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STANFORD, Calif. -- Sometimes it seems like the human default setting is to not trust. Nations have armies, corporations have lawyers, and doors have locks. Yet people often give too much trust to their software. Perhaps it is time for computers to have HiStar, a new Unix-like operating system that pares trust among software programs down to a bare minimum. Programs can still get legitimate jobs done, even without the presumption of trust. It's just much harder to try any funny stuff, like leaking sensitive data over networks.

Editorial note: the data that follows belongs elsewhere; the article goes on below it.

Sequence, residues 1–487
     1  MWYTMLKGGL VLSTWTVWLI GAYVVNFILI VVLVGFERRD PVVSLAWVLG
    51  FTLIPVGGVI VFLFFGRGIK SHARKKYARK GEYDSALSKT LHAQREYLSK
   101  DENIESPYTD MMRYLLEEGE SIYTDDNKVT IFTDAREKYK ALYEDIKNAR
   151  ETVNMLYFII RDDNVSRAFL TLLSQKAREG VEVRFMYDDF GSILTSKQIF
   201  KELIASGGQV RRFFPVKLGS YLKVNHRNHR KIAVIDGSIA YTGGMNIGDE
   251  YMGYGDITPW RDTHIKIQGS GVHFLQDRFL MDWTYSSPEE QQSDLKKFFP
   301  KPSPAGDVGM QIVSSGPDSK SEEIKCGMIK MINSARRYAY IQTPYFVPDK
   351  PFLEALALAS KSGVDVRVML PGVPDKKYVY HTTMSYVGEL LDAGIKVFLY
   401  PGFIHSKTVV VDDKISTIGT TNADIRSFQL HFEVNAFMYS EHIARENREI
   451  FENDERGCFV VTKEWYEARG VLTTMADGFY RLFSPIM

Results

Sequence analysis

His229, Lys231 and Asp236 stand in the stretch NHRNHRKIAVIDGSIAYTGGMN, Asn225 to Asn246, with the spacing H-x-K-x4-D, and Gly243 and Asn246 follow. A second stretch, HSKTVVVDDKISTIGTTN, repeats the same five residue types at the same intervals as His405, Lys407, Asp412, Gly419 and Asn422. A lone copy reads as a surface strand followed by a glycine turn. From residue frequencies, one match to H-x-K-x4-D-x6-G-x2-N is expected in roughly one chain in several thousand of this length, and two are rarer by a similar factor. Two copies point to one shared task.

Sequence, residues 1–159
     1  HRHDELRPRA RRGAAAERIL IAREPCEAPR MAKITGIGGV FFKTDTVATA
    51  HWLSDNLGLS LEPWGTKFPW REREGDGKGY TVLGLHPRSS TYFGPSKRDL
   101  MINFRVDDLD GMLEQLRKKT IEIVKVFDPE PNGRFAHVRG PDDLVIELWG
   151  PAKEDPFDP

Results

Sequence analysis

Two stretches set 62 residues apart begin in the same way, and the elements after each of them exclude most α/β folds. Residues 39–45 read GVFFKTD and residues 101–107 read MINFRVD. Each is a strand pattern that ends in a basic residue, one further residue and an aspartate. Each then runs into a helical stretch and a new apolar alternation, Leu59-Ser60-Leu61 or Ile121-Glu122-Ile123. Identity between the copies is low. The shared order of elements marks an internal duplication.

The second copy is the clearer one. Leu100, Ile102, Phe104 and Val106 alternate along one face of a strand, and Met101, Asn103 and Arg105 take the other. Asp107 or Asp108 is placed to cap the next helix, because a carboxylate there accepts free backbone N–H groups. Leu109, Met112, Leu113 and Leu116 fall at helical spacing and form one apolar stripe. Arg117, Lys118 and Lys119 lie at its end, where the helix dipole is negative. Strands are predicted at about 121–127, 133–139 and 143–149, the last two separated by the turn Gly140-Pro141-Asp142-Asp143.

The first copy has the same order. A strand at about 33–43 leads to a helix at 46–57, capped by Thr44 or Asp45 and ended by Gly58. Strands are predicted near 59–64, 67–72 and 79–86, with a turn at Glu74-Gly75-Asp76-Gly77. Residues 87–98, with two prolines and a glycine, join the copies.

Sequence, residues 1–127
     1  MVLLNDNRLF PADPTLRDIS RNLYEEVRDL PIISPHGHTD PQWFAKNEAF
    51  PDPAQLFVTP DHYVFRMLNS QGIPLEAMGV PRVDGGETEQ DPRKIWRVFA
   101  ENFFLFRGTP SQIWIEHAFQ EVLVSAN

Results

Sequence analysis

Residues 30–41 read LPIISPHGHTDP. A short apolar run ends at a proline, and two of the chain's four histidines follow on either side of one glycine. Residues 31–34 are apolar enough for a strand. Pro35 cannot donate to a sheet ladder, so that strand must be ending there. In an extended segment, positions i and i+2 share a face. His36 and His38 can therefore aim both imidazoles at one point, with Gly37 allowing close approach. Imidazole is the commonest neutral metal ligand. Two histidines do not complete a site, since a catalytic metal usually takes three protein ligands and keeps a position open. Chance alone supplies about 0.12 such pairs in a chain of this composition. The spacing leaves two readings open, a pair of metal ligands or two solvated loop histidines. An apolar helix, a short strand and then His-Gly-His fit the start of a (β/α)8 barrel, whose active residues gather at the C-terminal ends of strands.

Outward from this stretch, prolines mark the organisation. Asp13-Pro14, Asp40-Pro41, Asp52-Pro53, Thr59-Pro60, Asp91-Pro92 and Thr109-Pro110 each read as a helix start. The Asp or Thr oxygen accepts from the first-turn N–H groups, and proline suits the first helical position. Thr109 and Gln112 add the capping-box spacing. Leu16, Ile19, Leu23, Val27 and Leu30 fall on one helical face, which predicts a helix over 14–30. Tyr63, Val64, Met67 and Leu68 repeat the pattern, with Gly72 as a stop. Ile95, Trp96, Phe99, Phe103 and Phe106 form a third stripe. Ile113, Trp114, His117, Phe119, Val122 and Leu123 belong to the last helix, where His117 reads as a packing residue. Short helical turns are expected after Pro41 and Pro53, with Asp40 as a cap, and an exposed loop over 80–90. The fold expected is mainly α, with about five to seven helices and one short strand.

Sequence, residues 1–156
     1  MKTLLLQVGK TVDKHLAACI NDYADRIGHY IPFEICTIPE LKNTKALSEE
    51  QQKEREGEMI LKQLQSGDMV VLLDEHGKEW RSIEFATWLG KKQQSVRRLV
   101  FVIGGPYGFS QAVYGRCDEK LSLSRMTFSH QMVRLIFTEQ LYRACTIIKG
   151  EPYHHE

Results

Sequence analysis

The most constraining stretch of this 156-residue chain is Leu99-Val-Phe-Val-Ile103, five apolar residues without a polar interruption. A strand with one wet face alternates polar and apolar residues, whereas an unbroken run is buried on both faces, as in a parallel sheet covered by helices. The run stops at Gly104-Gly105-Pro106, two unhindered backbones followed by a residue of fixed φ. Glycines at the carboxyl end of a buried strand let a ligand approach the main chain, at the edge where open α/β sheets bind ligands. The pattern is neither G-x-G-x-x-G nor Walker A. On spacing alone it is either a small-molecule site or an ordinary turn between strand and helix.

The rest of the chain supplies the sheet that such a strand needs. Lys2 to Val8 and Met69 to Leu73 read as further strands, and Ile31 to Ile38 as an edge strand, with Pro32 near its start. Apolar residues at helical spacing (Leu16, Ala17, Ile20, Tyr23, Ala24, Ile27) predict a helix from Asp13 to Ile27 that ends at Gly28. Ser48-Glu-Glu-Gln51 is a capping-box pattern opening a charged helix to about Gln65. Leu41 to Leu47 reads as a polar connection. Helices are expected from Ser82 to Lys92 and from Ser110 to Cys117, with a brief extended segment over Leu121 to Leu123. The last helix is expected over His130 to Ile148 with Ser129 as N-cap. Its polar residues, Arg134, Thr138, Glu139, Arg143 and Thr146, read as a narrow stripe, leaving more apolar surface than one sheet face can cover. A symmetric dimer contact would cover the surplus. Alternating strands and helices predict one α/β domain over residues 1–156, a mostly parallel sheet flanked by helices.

"Today there is a big problem with untrustworthy code running on our machines," says Nickolai Zeldovich, a doctoral student in the research group of Stanford computer science Assistant Professor David Mazieres. Zeldovich presented HiStar to the computer science community at the USENIX 7th Symposium on Operating Systems Design and Implementation in Seattle earlier this month. His collaborators are fellow Stanford student Silas Boyd-Wickizer, UCLA Assistant Professor Eddie Kohler and Mazieres. "To start with, people download arbitrary code from Web sites and run it with full privileges on their desktop computers, leading to a rise in malware, spyware and so on. But even code you'd hope …